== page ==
- Baby, baby, baby!
I can’t tell you how many times I’ve had folks tell me they’re expecting a child and need-a-house-right-away! Schools are a big part of the decision-making process when families are searching for a home.
Having her first baby motivated my sister to move into a larger place, and when this little stinker (pictured) was born last month, the place they’re living in now has further proven to be a good decision. Moving out of the city and into the suburbs is a popular move for many growing families.
Would you rather pay more for a home in a reputable school district or opt to send your children to private schools?
Soon we’re closing a purchase on a home that brought in almost 30 offers within the first week. We priced it according to the local market and the offer we accepted was without the road-blocking contingencies of loan or appraisal.
The risks of accepting a higher offer was explained to the sellers. Although the offer accepted was still well over the list price, we made sure that buyers had enough money in the bank to make up the difference in case the appraisal did not come in at the offer price.
A few years ago I paid $6000 more than the asking price because I WANTED that property! Serious buyers are willing to offer more in order to get what they want. Others refuse to pay more than the appraised value, often times due to lack of additional funds in the bank.
Either way, real estate is an investment. You have to pay to play!
“Those who are prone to bouts of spontaneity are subject to being bit in the butt.”
Who has fallen in love with a property very quickly only to find out after buying it that it isn’t what you bargained for? It seemed to have all the right stuff — location, strong bones, aesthetically pleasing characteristics, comfortable dimensions, etc.
Real estate investments are just that: Investments. Whether it’s a property that we intend to occupy forever or one we intend to keep as a short-term wealth-building exercise, some investments are worth their weight in gold and the life experience of the home-buying and home-maintenance adventure.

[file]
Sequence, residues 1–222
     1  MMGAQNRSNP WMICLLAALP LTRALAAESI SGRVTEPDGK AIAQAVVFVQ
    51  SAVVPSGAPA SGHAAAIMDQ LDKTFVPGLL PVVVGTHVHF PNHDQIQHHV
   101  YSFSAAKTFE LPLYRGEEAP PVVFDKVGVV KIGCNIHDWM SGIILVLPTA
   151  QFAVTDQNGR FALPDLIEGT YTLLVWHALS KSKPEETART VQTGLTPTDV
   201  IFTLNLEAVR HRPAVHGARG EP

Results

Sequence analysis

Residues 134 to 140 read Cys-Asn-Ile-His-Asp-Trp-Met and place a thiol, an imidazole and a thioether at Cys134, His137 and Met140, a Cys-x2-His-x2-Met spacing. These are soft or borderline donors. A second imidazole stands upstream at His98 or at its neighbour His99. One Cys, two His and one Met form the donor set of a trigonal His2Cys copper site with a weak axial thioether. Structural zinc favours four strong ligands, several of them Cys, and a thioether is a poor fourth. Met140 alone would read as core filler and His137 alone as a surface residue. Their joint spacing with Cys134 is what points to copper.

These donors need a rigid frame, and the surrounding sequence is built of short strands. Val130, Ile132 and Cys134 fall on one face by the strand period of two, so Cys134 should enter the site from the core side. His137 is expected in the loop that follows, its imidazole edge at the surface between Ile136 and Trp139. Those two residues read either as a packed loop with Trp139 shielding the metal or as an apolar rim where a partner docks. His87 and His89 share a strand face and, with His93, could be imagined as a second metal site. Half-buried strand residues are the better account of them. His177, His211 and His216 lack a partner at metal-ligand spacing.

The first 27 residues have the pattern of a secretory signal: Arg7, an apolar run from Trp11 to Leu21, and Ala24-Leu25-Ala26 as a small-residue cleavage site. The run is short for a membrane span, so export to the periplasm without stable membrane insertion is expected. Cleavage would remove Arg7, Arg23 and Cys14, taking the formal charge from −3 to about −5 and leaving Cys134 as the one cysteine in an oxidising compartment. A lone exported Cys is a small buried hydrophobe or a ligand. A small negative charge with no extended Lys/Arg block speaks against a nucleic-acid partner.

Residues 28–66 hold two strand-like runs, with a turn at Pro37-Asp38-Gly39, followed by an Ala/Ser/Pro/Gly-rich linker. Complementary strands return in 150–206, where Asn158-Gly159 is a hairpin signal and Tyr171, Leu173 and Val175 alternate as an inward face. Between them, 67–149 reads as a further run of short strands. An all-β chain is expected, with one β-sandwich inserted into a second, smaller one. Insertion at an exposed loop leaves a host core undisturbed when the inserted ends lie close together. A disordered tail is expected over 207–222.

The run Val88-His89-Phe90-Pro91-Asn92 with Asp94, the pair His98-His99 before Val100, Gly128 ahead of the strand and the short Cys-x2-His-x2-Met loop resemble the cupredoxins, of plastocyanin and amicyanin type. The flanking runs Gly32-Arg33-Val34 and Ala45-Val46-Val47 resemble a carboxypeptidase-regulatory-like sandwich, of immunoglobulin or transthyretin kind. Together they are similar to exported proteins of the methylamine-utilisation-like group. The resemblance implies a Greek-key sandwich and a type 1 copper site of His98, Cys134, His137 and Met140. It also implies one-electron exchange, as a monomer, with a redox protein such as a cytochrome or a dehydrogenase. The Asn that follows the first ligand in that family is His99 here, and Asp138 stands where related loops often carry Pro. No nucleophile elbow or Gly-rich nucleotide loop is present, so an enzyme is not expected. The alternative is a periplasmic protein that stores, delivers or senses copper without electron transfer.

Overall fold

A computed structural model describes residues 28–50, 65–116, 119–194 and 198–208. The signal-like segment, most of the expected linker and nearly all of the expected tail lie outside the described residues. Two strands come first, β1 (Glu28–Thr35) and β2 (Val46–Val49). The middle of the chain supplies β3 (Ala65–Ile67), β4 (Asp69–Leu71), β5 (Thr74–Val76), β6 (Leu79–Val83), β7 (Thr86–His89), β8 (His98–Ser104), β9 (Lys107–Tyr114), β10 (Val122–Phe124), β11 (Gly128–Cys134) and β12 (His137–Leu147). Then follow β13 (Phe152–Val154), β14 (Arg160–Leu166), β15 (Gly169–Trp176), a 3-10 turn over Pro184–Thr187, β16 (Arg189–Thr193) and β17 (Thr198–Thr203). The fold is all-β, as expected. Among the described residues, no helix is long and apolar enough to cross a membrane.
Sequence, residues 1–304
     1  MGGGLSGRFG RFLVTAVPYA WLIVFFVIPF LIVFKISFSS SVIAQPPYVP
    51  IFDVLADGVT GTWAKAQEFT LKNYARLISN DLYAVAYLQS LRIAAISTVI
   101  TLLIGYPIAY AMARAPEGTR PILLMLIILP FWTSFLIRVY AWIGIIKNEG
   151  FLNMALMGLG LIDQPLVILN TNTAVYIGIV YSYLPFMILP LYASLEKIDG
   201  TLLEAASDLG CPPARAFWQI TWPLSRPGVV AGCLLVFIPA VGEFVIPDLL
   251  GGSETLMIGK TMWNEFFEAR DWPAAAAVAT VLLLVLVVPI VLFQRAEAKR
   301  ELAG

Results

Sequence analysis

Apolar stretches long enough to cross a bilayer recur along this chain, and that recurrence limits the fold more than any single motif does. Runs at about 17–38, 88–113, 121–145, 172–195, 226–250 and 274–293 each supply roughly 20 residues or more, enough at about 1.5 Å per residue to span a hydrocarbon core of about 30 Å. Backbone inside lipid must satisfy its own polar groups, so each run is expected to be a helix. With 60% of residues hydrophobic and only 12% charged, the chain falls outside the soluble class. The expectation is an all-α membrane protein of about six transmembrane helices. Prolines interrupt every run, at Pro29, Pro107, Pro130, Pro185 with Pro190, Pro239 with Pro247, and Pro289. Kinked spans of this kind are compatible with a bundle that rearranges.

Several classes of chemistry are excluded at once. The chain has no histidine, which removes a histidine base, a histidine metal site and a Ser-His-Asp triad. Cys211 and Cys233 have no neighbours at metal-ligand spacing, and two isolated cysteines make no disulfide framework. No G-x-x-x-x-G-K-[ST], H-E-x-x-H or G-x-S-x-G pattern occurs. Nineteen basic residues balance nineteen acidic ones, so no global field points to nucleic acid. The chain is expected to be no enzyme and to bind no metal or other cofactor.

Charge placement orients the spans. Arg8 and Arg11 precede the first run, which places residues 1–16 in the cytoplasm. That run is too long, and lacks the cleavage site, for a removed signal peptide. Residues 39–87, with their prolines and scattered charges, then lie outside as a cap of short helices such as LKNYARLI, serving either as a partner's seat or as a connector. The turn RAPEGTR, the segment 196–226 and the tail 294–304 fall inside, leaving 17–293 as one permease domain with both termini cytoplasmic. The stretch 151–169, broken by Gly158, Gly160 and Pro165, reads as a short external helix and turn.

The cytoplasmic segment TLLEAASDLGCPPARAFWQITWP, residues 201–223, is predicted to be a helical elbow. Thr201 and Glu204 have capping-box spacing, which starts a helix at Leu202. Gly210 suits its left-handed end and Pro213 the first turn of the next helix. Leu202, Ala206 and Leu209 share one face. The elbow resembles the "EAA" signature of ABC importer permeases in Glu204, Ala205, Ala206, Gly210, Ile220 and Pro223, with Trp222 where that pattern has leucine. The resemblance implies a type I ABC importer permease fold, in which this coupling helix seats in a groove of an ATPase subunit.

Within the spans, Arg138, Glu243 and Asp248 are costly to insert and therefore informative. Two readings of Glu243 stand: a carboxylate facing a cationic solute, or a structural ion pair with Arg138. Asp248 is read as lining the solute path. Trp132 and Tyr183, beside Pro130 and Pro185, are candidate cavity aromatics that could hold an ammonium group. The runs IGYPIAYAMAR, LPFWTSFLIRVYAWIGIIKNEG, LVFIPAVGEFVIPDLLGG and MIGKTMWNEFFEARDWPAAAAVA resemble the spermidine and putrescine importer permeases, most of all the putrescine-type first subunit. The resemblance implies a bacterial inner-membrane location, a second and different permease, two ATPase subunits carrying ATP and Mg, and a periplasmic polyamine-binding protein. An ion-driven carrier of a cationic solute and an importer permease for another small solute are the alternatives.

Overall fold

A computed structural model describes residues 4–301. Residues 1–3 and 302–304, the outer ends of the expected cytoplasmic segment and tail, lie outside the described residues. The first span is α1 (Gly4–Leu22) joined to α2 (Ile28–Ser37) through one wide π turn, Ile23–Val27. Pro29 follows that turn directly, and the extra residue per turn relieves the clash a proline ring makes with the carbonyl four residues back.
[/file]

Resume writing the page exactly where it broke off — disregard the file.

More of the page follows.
Five years ago, I bought my 1926 house on a whim as incentive to work harder, figuring a heftier mortgage would do the trick. There was only one neighborhood in the entire city that held my interest. It was the Historic Prospect Hill, which has been home to former mayors, Major League baseball kin, doctors, lawyers and judges.
Leading up to being in escrow by day, I was the analytical real estate professional about the purchase and what I’d offer. At night, however, I was emotional and quite girlie about the more romantic notions of living under the Prospect Street veil and in a home that felt so “me”. Purposefully, I mentioned nothing about the purchase to those were likely to be judgemental about where I’d buy and what I was buying. Within a few days I was in escrow.
When you bought your home(s), were you satisfied with the reports supplied by the seller? Were you well aware that what you were buying wasn’t perfect and bought it anyway? With one home I purchased, I knew exactly what I was getting into, although I did find out later that there were important things about which the seller was dishonest. But I loved it so it didn’t matter much to me…
I’ll never regret the decision to buy the home I’m in now. Only an act of God will cause me to part from the lovely structure. It has been the source of intense joy and shelter and mystery…
Let’s be fair here. Not all landlords are slumlords, and not all tenants are deadbeats. Being a landlord is now a tangible reality for many folks due to very affordable home prices.
Owning rental property is a step to long-term wealth and financial security, but at what cost? While property managers add an extra expense to rental property ownership, is it worth this added expense in order to protect the investment?